After over 15 years working in management-level positions, I am well-aware that the road to economic globalization is being built on the backs of highly skilled workers therefore making everyone’s role in an organization essential to business growth. However, successful businesses still heavily rely on the expertise of their management staff. The old saying, “a company is only as good as its leaders,” is still true. And in this day and age, when leaders are concerned about weak economic growth and down-sizing, there is a need to revisit, or revise, our game plan for creating productive work environments.
If I had to write a pocket-sized manual on preparing for management in the 21st century, here’s what it would say:
- Good managers should never display passive-aggressive behavior. Employees with passive-aggressive behavior will often show non-verbal aggression that manifest in negative conduct. These are colleagues or co-workers who refuse to take responsibility for tasks, purposely miss deadlines and go over their boss’s head to make him or her appear incompetent. Good managers should never play a role in aiding passive-aggressive behavior and more importantly, managers should never display similar behavior when dealing with their employees. Here’s an example: Your top producing employee comes into your office and ask for a pay increase without knowing that you were recently informed that due to budget constraints no one will receive bonuses or pay increases for the next 6 to 12 months. You are obviously frustrated to learn that you will not receive your much-needed Christmas bonus. But during the meeting, instead of being honest about the situation, you become irritated, insulting and dismissive. Although your actions fail to reflect your true feelings, the employee is left confused and angry. Effective managers must learn to be clear and honest about how they feel, particularly when the issue is important to the personal or professional livelihood of their staff. Don’t play emotional games with your staff and remember that you are setting the example for the entire team.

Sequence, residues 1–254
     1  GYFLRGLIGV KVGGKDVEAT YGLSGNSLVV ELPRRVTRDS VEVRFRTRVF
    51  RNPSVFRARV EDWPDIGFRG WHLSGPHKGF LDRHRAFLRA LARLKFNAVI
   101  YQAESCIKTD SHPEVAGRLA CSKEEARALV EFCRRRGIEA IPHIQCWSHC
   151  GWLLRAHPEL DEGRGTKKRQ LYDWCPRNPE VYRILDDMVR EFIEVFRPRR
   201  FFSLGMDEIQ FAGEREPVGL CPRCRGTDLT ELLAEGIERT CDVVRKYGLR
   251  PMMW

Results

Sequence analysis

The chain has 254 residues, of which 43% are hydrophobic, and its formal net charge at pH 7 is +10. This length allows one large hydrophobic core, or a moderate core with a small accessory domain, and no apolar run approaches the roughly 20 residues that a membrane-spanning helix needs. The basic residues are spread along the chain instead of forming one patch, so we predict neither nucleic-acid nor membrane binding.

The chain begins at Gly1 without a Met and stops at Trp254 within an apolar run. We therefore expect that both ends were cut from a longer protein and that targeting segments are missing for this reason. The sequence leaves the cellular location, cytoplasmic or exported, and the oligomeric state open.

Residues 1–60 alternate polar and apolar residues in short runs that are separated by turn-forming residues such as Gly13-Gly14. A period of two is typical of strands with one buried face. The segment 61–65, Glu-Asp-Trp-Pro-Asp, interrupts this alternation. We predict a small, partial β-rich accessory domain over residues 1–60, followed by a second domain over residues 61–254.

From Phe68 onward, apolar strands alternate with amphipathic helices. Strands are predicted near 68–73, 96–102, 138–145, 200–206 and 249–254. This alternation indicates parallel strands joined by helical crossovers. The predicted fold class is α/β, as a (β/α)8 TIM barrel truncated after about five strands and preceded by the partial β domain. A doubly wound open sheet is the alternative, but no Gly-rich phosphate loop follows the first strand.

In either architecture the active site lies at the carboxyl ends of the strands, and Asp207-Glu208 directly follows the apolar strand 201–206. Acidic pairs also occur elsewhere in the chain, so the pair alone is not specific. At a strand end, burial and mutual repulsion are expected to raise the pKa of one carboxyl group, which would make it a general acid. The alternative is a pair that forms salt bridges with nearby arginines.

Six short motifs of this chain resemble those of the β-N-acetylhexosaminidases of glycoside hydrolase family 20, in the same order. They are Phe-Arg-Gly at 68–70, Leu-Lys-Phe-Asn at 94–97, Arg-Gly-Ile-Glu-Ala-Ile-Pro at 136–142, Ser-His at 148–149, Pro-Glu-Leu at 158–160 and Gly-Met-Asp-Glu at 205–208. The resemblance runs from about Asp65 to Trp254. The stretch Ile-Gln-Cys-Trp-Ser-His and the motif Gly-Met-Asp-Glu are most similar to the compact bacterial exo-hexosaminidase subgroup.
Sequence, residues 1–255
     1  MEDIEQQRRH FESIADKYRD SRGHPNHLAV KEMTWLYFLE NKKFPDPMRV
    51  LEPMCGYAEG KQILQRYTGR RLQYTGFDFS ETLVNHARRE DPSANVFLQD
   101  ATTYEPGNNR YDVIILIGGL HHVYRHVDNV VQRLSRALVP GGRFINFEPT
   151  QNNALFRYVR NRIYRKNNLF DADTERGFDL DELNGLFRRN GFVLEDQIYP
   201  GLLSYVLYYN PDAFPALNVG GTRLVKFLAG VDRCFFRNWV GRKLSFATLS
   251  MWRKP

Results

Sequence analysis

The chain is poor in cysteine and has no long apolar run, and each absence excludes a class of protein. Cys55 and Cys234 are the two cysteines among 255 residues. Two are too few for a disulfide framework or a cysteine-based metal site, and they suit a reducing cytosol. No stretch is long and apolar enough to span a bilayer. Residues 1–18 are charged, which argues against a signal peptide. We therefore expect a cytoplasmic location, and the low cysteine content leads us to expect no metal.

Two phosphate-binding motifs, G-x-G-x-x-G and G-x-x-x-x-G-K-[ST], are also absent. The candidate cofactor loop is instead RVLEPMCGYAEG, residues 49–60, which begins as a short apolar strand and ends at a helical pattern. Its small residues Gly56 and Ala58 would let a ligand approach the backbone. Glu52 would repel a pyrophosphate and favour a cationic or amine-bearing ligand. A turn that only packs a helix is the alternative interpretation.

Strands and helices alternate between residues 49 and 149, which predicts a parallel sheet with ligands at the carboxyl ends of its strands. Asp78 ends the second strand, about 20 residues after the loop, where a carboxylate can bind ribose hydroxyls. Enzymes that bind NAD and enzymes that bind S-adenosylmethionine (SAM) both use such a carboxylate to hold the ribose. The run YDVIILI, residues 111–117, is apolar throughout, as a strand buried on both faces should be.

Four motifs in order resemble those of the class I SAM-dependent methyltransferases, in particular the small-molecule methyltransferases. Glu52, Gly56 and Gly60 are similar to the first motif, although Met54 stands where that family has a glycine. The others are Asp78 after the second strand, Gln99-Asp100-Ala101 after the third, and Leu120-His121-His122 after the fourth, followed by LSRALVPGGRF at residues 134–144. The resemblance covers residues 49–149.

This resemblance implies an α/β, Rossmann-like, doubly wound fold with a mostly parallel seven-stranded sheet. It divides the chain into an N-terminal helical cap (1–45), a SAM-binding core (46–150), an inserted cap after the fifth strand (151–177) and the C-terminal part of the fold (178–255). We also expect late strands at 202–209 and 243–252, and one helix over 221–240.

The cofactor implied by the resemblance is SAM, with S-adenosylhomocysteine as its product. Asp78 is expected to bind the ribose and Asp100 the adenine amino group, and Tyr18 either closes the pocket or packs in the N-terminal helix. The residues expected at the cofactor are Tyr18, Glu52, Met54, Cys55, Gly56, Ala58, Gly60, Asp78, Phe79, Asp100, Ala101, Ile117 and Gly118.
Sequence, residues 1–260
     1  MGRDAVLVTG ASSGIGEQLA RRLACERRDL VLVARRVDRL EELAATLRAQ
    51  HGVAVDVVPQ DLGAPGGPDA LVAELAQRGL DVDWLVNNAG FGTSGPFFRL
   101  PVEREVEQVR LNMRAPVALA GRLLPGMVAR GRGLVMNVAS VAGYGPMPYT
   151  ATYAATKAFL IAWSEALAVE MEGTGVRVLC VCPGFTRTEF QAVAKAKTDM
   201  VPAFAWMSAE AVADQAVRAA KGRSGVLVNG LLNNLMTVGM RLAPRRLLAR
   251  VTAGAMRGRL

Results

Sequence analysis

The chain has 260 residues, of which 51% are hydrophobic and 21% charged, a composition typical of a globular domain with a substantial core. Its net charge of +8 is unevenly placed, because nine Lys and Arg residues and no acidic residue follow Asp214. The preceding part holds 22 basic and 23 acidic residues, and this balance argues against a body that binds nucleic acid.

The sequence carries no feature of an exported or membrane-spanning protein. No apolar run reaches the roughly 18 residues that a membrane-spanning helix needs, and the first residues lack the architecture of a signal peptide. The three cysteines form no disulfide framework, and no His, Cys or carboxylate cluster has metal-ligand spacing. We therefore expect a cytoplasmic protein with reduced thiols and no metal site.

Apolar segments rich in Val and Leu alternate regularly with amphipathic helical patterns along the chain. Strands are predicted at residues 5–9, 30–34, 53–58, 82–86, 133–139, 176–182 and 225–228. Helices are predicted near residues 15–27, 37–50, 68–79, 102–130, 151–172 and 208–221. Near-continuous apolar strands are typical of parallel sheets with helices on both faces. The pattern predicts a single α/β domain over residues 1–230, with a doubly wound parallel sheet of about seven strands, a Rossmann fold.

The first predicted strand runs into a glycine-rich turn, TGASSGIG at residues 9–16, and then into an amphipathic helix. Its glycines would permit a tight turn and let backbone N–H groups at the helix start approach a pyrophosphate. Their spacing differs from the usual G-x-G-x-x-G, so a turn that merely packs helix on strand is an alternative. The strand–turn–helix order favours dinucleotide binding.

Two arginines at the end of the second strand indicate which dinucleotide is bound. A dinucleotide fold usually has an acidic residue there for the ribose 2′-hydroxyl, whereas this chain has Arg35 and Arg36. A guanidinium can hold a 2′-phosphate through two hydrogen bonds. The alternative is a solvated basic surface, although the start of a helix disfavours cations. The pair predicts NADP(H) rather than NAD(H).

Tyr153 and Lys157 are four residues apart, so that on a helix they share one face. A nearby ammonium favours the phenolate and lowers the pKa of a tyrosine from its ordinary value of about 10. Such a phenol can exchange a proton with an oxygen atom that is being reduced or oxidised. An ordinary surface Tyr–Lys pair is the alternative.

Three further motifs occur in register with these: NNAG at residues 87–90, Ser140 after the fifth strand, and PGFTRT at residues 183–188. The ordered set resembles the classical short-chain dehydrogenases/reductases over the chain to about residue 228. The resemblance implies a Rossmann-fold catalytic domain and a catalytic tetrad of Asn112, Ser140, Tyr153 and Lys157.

- Learn to appreciate the Millennial’s new work ethic. They will check their Facebook and Twitter accounts a few times a day during work hours. They will bring iPhones to meetings and Google what they don’t understand (or what they think you don’t understand). They will challenge your ability to do your job and recommend what they consider are lean processes that will make your head spin. And many of them may not stick around long enough to redeem a 401(k) or pension plan. But, on the bright side, Millennials will bring a level of creativity and technical savviness that can help you improve productivity. They will rightfully expect and aggressively fight for inclusiveness that will not only promote diversity in the workplace but will also allow you to learn from each employee’s unique personal and professional background. So, if you can overlook a few tattoos and piercings you will learn a lot from them and in return create a better work environment overall. Trust me.
- Never (ever) hesitate to make the BIG decisions. If your team thinks you’re weak, than you’re weak. Perception becomes reality. Being decisive as a leader shows that you are not afraid to make things happen and you have no fear of being accountable.
- Stay focused on what matters most. This rule will never change. Get focused on the mission, stay sensitive to the needs of your team, make decisions, be accountable and get the job done. That’s what effective management is all about.